Whether it is a guitar-wielding mariachi on the streets of Tenochtitlan or Mayan trumpeters wandering through the rainforests, music plays a big part in the culture of the Alberian people. And where there is music, there is magic, and where there is magic there are bards.
Part wanderer, part observer, and always wise, el mariachi are powerful bards whose magical melodies can elevate a wedding or birth, or bring melancholy or hope to a funeral. While there is no true structure or organization to the mariachi, nonetheless they are united in their efforts.
Typically, a mariachi wears the traje de charro, which was originally a type of noble horseman’s outfit. The traje de charro usually consists of the following garments: fitted trousers adorned with decorative buttons or full-length skirts (for women), an embroidered belt, ankle high boots, a wide bowtie, and a matching, embroidered sombrero. Most trajes de charro are black with gold or red accents, although other colors can be found in heavily populated areas. Rural mariachis sometimes forgo the fashionable attire of their urban counterparts, wearing what’s practical.
Here are a few bardic colleges of note in Alberia.
College of Valencia
Even though the Mexjicanos won their independence from the Lejodores nearly 70 years ago, much of their culture is still seen in modern Mexjicano society. For example, the College of Valencia, a musical college built by the Lejodores three hundred years prior, still stands in Tenochtitlan. This school combines the traditions of Lejos culture with those of the indigenous Alberian tribes, particularly the Aztecs of yore. The College of Valencia teaches the methods of the College of Lore as described in the Player’s Handbook.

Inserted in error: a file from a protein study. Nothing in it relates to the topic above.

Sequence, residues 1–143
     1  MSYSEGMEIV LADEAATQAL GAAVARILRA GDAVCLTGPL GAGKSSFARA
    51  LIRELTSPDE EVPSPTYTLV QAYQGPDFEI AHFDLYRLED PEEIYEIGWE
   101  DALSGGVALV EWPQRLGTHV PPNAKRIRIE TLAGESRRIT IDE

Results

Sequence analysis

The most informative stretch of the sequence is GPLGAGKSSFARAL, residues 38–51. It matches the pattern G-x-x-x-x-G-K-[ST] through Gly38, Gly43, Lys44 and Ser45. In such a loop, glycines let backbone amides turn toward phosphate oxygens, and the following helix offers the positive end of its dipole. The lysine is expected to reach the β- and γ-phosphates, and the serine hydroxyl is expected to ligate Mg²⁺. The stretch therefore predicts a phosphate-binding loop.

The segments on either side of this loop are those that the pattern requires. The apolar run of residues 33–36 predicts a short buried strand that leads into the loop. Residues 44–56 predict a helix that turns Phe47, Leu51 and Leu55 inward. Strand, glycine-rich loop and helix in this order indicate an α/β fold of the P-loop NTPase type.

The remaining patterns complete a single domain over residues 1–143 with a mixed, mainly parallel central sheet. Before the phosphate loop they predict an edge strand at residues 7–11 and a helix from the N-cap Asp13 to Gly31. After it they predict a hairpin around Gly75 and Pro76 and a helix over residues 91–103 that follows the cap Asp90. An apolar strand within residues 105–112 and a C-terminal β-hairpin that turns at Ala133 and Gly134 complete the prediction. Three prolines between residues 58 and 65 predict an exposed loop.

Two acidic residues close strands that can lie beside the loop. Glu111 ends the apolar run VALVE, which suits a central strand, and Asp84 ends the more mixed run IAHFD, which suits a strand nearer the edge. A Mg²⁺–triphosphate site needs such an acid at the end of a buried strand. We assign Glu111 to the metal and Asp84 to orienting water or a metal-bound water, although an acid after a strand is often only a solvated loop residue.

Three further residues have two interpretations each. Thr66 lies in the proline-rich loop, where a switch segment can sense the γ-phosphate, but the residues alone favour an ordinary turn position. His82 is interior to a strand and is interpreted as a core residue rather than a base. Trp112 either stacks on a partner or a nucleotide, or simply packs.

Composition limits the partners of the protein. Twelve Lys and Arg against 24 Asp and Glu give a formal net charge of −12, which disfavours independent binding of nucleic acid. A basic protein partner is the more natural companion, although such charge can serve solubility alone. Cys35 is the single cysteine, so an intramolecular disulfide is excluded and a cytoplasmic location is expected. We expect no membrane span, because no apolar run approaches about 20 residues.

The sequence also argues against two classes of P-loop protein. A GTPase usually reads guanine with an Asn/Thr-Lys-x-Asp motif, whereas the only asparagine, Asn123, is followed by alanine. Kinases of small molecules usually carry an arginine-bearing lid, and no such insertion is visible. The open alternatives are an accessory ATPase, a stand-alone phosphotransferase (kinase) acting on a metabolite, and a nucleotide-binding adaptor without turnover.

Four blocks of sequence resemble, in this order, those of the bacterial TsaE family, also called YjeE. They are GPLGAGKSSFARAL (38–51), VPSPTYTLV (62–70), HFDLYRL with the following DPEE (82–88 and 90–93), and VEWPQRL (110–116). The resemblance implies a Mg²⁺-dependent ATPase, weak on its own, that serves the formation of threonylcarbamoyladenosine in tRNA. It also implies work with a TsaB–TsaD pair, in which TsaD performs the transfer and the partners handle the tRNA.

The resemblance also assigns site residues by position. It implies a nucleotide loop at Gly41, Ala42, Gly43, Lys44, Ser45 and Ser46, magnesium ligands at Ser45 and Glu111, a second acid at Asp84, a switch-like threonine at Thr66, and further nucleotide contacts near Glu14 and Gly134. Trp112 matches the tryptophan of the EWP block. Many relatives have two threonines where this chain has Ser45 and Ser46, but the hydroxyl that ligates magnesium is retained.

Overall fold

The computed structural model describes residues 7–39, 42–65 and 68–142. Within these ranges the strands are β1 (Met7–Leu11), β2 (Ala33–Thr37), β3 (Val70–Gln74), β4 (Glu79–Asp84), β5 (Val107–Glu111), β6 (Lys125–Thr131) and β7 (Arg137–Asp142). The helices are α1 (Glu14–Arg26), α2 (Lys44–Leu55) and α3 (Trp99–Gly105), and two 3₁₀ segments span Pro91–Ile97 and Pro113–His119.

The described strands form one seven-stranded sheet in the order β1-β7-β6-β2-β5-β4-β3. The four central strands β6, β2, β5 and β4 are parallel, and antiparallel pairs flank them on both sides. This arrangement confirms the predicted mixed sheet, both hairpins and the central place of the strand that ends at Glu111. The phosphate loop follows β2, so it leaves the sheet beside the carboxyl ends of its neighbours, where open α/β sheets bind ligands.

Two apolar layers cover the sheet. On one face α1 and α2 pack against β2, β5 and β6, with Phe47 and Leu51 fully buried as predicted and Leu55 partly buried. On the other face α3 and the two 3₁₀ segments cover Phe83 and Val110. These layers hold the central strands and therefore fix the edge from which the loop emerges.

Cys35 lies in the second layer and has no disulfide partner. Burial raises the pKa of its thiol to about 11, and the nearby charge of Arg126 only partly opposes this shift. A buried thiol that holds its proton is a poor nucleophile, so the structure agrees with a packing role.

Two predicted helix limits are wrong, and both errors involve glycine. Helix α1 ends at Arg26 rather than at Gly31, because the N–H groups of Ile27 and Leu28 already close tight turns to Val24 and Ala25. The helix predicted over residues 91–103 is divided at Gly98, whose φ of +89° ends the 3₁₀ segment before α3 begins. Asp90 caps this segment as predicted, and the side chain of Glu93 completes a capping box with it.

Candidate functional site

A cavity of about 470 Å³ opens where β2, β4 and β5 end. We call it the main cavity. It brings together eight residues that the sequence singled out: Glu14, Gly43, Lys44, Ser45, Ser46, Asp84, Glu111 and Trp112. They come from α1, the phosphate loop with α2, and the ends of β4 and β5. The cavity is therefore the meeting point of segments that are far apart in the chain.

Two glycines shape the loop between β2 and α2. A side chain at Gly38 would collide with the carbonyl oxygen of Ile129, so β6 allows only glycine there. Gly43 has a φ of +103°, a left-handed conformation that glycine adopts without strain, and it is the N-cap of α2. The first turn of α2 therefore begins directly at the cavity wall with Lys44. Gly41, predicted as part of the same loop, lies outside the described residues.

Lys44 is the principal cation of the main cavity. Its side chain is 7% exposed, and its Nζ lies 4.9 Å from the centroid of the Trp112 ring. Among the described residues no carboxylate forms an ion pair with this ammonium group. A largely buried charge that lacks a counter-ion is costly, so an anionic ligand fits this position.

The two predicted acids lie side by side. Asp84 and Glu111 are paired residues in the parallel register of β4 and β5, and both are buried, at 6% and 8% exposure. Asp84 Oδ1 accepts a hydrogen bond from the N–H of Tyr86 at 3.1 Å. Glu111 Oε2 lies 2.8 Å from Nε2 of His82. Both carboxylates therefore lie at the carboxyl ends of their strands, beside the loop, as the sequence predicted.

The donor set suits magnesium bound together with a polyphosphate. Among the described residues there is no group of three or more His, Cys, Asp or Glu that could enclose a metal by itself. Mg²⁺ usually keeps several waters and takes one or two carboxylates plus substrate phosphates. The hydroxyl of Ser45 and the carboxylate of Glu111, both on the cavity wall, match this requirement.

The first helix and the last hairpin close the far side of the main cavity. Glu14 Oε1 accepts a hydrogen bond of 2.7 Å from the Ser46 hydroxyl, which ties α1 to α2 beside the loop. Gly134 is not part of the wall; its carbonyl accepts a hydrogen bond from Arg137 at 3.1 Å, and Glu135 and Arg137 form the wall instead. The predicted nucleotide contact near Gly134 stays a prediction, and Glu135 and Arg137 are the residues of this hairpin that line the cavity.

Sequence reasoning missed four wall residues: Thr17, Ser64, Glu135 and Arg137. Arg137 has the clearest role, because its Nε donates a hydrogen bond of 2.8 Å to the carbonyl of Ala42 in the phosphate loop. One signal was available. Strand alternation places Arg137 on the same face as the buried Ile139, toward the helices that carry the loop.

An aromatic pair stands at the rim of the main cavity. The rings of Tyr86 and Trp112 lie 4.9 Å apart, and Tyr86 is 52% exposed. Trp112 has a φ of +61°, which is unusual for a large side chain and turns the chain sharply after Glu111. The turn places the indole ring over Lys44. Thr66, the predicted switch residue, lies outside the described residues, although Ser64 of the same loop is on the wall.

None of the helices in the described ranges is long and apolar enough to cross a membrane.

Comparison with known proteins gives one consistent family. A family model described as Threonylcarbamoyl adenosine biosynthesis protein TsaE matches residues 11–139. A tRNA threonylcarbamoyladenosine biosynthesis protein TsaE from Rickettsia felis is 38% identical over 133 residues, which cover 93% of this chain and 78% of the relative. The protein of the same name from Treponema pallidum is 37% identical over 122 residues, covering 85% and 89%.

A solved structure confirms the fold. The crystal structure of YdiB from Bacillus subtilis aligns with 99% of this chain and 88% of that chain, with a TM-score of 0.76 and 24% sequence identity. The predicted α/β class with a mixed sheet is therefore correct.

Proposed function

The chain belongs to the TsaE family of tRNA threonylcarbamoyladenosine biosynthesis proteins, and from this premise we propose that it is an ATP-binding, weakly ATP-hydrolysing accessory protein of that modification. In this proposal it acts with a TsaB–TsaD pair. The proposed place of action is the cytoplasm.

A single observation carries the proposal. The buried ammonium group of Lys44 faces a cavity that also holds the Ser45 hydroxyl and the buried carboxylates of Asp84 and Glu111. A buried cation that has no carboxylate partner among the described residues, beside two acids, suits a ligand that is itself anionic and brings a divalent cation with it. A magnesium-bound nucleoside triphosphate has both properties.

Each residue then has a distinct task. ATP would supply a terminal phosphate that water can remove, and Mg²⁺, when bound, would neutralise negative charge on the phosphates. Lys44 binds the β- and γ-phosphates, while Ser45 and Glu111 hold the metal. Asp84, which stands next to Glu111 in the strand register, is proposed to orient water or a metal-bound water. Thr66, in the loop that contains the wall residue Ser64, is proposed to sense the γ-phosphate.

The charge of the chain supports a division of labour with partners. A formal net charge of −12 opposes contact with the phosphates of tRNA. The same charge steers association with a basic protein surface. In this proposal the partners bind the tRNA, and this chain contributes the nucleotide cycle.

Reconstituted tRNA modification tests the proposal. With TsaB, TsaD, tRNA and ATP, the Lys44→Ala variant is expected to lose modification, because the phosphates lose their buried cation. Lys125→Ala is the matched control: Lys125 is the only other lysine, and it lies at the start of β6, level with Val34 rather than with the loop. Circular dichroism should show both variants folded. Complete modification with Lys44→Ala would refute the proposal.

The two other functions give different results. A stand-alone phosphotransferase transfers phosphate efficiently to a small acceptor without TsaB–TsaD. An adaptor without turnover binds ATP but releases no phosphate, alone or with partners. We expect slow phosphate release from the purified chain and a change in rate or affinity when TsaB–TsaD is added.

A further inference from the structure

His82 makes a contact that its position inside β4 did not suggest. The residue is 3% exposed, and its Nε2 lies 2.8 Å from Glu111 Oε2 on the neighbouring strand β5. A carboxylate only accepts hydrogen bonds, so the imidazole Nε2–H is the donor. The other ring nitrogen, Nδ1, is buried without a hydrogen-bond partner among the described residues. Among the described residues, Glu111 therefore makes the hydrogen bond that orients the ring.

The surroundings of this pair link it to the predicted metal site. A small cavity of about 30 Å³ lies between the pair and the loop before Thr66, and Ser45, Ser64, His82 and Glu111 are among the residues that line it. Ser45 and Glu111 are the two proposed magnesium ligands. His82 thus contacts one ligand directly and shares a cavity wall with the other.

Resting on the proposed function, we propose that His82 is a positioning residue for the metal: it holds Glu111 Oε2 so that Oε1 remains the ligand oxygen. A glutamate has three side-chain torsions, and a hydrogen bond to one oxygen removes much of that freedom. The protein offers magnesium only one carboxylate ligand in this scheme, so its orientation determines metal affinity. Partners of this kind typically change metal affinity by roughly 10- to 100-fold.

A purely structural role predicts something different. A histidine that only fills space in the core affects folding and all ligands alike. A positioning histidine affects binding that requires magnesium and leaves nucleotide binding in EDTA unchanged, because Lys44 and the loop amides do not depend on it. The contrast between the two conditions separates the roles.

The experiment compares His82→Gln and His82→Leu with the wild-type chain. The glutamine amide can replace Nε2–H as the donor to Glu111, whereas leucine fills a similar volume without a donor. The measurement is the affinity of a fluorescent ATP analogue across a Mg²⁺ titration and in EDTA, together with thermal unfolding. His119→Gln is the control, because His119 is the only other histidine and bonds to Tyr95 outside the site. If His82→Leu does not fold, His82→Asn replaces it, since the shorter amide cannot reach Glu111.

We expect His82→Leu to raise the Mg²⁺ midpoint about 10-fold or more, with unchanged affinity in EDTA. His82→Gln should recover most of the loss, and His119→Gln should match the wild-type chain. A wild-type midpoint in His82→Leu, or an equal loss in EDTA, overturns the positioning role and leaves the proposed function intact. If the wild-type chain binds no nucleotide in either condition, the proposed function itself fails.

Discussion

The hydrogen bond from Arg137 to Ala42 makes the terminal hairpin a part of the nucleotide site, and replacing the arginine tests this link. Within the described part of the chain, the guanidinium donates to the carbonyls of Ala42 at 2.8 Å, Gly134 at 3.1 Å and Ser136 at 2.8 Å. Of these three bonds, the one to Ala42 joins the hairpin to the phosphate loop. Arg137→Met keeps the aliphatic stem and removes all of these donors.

College of Paax Nah
Standing in stark contrast to Valencia’s more modern school is Paax Nah in the Mayan capital of Tikal. While the Mexjicanos accept the cultures of the Lejodores into their own, the Mayans are much more conservative and strive to preserve their cultural roots. In addition to providing education to aspiring musicians, Paax Nah is also a temple to the Mayan god of music and poetry, Ah Xoc Kin. Paax Nah’s students can learn the ways of the College of Lore detailed in the Player’s Handbook.
The Royal Academy of Music
The Baymen aren’t without their music, either. While it doesn’t boast the numbers that the Mexjicanos and Mayan bardic colleges do, it still produces some of the best musicians in all of Alberia. The Royal Academy of Music was founded by military musicians who sailed with the Baymen at the founding of Balix. As such, the bards of the Royal Academy train extensively in both music and combat. Therefore, those who train at the Royal Academy are taught the methods of the College of Valor from the Player’s Handbook.
College of El Mariachi
The College of El Mariachi is not so much a college as it is an oral tradition that most, if not all, el mariachi share. Instead of formal training, a student pairs with a maestro who allows the fledgling musician to follow him or her on his or her journeys across Alberia. Over time, the new bard learns the ways of the College of Wanderers, as outlined below.